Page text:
Dena’s report on PPAs and how to use them for cost-efficient extension of renewable energies, with some recommendations for China, is out! I wrote this report together with my dena’s colleague, Carolin Schenuit. Experts of the National Renewable Energy Laboratory (NREL) contributed to sections describing PPA practices in the U.S.
About the report from the dena’s website:
“A power purchase agreement (PPA) is a financial mechanism that allows utilities and corporations to procure renewable energy (RE) from producers with minimal to no upfront capital cost in order to meet their RE goals.
This report comprises a literature review on the evolving practices in PPA implementation in the U.S. and Europe, including PPA types, key factors enabling PPAs, as well as challenges and limitations associated with PPA applications. Built on the experience and lessons learned from the U.S. and Europe, this report sheds light onto feasible options that could be adopted by China to enable the implementation of PPAs for RE investments.”
You may find the whole report here.
From 27th to 29th of May I was a part of the delegation of the German Energy Agency (dena) to the 25th Energy & Environment Fair & Conference ICCI in Istanbul.
In 28th of May I took part in the meeting of the German-Turkish Working Group “Sector Coupling and Energy Infrastructure” with representatives from the Turkish Energy Ministry and gave a presentation on storage technologies in Germany, including large scale battery storage systems (BSS) and the concept of “Netzboosters” (grid boosters) (see dena’s Twitter below). On the next day I participated in the conference on storage technologies in Germany and Turkey with German and Turkish experts.Â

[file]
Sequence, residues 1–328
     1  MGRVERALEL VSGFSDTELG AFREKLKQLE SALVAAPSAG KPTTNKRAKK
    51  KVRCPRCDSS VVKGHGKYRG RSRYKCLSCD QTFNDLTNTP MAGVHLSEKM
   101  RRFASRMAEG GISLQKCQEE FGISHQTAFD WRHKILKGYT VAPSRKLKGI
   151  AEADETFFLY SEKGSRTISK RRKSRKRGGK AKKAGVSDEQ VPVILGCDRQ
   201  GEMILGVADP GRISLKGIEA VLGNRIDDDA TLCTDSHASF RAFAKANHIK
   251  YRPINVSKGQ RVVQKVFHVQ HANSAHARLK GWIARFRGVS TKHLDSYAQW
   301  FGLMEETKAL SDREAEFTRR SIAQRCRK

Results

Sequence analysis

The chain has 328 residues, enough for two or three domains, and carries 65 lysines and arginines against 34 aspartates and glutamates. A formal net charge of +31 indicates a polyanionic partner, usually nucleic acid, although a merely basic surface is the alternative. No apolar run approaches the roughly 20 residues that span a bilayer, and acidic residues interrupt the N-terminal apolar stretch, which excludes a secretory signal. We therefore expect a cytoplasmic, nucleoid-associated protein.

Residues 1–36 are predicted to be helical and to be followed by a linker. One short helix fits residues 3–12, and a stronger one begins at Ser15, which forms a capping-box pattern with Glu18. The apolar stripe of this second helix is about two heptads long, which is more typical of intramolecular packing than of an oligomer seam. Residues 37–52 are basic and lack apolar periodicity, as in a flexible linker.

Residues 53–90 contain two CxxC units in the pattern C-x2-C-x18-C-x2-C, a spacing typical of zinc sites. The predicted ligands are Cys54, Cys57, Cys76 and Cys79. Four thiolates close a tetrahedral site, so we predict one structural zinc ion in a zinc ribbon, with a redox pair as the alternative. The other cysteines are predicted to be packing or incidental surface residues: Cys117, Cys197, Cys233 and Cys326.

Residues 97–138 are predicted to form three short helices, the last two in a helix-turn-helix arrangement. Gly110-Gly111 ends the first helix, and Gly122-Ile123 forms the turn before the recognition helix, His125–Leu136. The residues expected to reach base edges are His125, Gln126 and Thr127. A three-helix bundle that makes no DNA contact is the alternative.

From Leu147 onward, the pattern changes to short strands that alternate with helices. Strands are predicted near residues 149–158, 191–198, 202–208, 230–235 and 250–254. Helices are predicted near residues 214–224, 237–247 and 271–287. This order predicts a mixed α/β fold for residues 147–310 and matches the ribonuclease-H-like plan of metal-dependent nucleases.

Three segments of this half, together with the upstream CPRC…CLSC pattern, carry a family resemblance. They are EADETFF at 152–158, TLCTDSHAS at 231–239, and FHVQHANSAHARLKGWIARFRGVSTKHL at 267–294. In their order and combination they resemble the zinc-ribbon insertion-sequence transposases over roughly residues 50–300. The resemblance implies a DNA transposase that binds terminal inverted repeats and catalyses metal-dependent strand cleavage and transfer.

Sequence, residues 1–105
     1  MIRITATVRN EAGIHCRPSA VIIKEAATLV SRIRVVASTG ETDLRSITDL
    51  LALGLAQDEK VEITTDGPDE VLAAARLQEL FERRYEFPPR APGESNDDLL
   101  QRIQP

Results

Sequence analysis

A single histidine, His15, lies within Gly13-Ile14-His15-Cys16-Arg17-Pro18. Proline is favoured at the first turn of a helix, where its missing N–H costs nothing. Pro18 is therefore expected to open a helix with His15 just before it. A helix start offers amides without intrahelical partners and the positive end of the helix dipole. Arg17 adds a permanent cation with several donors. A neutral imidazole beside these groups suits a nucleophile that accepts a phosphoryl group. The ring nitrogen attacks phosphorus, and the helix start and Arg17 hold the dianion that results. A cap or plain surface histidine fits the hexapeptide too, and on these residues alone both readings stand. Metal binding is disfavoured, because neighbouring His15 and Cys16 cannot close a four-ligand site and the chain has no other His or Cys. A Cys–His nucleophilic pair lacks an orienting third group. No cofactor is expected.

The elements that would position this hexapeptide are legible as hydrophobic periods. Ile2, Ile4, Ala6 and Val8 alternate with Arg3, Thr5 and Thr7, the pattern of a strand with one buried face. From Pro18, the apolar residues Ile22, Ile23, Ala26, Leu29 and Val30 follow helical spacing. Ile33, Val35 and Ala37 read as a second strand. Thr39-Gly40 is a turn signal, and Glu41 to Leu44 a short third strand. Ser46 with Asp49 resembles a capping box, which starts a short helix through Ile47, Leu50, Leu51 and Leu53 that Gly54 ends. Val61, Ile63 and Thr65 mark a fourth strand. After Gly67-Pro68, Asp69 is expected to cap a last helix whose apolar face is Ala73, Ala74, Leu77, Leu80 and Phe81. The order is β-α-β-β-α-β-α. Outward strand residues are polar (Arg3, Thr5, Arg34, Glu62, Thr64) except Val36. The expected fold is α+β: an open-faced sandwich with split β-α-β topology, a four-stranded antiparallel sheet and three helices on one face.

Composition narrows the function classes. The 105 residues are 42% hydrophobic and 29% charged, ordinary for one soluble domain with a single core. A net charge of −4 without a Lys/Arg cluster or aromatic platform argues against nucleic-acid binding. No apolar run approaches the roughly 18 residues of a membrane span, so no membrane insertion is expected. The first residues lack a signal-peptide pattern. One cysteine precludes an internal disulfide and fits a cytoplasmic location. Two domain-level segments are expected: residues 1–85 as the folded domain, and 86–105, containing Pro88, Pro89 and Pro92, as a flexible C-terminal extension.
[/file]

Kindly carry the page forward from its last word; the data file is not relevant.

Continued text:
Both events were organized jointly be the dena and the German-Turkish Chamber of Commerce and Industry. It was a pleasure to be a part of the organization team as well as to share with the Turkish colleagues the knowledge about current situation and developments concerning storage of energy in Germany. I have also lernt a lot about the Turkish electricity system and the role of renewables. I am looking forward to the next meeting of the Working Group in Berlin!
The workshop is going to take place at the Environmental Policy Research Centre (FFU) at the Free University of Berlin on 9 Mai. The title of my conference paper, presentation and working title of my chapter is: “Germany: Energiewende going local?”.
Working title of the whole book is: “Energy policy in a carbon-constrained world”.
This article titled: “Breaks or engines? The role of veto players and leaders in the new field of climate mitigation policy” is a part of Andre Schaffrin’s cumulative dissertation: Schaffrin, Andre (2013), “Policy Change: Concept, Measurement, and Causes. An Empirical Analysis of Climate Mitigation Policy”, Dissertation, Universität zu Kölln. It is available here.
Breaks or engines? The role of veto players and leaders in the new field of climate mitigation policy
Veto player theory is undoubtedly one of the most prominent approaches for explaining policy stability and change. While some studies have corroborated the influence of veto players and their preferences, other empirical work has provided mixed evidence. Three critical points are discussed: the identification of veto players, the measurement of policy preferences and the assumption of equivalence of veto players. This article aims to shed new light on the theoretical debate and empirical influence of veto players by applying the model to a newly emerging policy field. While most empirical studies have tested veto player theory in established fields such as social or economic policy, the new field of climate mitigation provides a different context for political decision-making. In this situation with a status quo outside the median preferences, a lack of policy baggage and newly forming actors and interests, the absolute anchoring of preferences and the identification of leaders seems to be an important extension of the veto player perspective. Using a mixed-methods approach, this article combines a large-N pooled time-series cross-section analysis of national policies on energy efficiency in 25 EU member states from 1998 to 2010 with a case-study analysis of the renewable electricity laws in Poland (2005) and Germany (2000). The findings demonstrate that climate leaders play a crucial role in stimulating climate mitigation policy. The case study suggests that political actors other than official veto players such as ministers or the EU strongly influence the process of agenda setting and decision making. The findings underscore the importance of including a measure of the internal cohesion of veto players, the presence of leaders, and the consideration of motives other than policy preferences in future analyses.